To solve this problem, if the factor value setting unit 212 of FIG. 2 receives an instruction to reoperate from the control unit 212, that is, if an error value calculated according to a currently set factor value is greater than an error value calculated according to its previously set factor value, the factor value setting unit 212 may set a factor value greater than the previously set factor value by a second predetermined value. The second predetermined value is a constant smaller than the first predetermined value.

If an error value calculated according to a currently set factor value is still greater than an error value calculated according to its previously set factor value, the factor value setting unit 212 may set a factor value greater than the previously set factor value by a third predetermined value. The third predetermined value is a constant smaller than the second predetermined value.

FIGS. 5 through 12 are reference diagrams for explaining the effects of an embodiment of the present invention. FIG. 5A shows an example of a given 2D image 510 and FIG. 5B shows an example of preferable feature points 512 that can be detected using the ASM algorithm. FIG. 5C shows an example of feature points 514 actually detected. Referring to FIGS. 5A through 5C, there is no such difference between the actually detected feature points 514 and the preferable feature points 512. In other words, the feature points 514 shown in FIG. 5C are detected using the elaborate ASM algorithm.

FIG. 5D shows a front 520 of a 3D shape created according to an embodiment of the present invention. FIG. 5E shows a side 521 of the 3D shape created according to an embodiment of the present invention. The face shapes shown in FIGS. 5D and 5E are very similar to the 2D image 510 of FIG. 5A.

FIG. 6A shows a 2D image identical to the 2D image 510 of FIG. 5A. FIGS. 6B and 6C show a 3D shape created according to an embodiment of the present invention when Ec does not exist in the error value F calculated by the error value calculating unit 218. Specifically, FIG. 6B shows a front 620 of the 3D shape and FIG. 6C shows a side 621 of the 3D shape. The face shapes shown in FIGS. 6B and 6C are a little different from the 2D image 610 of FIG. 6A.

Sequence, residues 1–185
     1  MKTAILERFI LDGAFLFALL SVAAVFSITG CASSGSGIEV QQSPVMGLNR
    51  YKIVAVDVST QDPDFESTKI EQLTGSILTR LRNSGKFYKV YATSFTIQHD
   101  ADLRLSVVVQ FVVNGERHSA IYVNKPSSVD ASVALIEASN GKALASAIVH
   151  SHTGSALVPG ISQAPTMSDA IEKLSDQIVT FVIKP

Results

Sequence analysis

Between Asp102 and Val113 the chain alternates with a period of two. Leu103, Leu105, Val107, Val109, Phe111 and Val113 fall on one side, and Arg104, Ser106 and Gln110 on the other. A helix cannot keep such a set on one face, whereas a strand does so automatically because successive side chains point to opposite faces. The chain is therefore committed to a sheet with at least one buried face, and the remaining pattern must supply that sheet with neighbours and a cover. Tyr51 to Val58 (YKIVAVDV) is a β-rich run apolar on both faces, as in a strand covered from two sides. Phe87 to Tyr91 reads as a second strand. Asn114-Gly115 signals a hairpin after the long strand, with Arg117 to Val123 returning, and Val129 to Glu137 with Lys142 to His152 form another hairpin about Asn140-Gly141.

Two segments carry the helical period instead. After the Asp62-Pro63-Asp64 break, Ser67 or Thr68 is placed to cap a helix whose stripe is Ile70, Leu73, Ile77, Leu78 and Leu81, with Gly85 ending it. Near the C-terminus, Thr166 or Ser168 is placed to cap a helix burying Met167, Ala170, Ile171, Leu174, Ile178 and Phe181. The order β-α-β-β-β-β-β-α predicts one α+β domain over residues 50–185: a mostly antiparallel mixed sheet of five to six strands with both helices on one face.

FIG. 7A shows a 2D image 710 identical to the 2D image 510 of FIG. 5A. FIGS. 7B and 7C show a 3D shape created according to an embodiment of the present invention when the second estimated shape is estimated using Equations 6 through 8, not 3 through 5. FIG. 7B shows a front 720 of the 3D shape and FIG. 7C shows a side 721 of the 3D shape. Since the face shapes of FIGS. 7B and 7C are slimmer than the 2D image 710 of FIG. 7A, the face shapes of FIGS. 7B and 7C are different from the 2D image 710 of FIG. 7A.

FIG. 8 shows an example of a given 2D image 810 and FIG. 8B shows an example of preferable feature points 812 that can be detected from the 2D image 810 using the ASM algorithm. FIG. 8C shows an example of feature points 814 actually detected. Referring to FIGS. 8A through 8C, there is a big difference between the actually detected feature points 814 and the preferable feature points 812. In other words, the feature points of FIG. 8C were detected using the less elaborate ASM algorithm.

FIG. 8D shows a front 820 of a 3D shape created according to the present invention. FIG. 8E shows a side 821 of the 3D shape created according to an embodiment of the present invention. The face shapes shown in FIGS. 8D and 8E are very similar to the 2D image 810 of FIG. 8A. In other words, even through the feature points 814 actually detected using the ASM algorithm are not preferable, an embodiment of the present invention creates the 3D shapes 820 and 821 that are very similar to the 2D image 810.

FIG. 9A shows a 2D image 910 identical to the 2D image 810 of FIG. 8A. FIGS. 9B and 9C show a 3D shape created according to an embodiment of the present invention when Ec does not exist in the error value F calculated by the error value calculating unit 218. Specifically, FIG. 9B shows a front 920 of the 3D shape and FIG. 9C shows a side 921 of the 3D shape. The face shapes shown in FIGS. 9B and 9C are very different from the 2D image 910 of FIG. 9A. In particular, ear portions of the face shape shown in FIG. 9B are very distorted and do not look like ears.

FIG. 10A shows a 2D image 1010 identical to the 2D image 810 of FIG. 8A. FIGS. 10B and 10C show a 3D shape created according to an embodiment of the present invention when the second estimated shape is estimated using Equations 6 through 8, not 3 through 5. FIG. 10B shows a front 1020 of the 3D shape and FIG. 10C shows a side 1021 of the 3D shape. Since the face shapes of FIGS. 7B and 7C are slimmer than the 2D image 1010 of FIG. 1A, the face shapes of FIGS. 10B and 10C are different from the 2D image 1010 of FIG. 10A.

Ultimately, an embodiment of the present invention accurately estimates a 3D shape by determining a combination of 3D models that can minimize the difference between a 3D shape estimated using the perspective projection model and a 3D shape created by combining stored 3D models and that can minimize the extent to which the created 3D shape deviates from a predetermined model.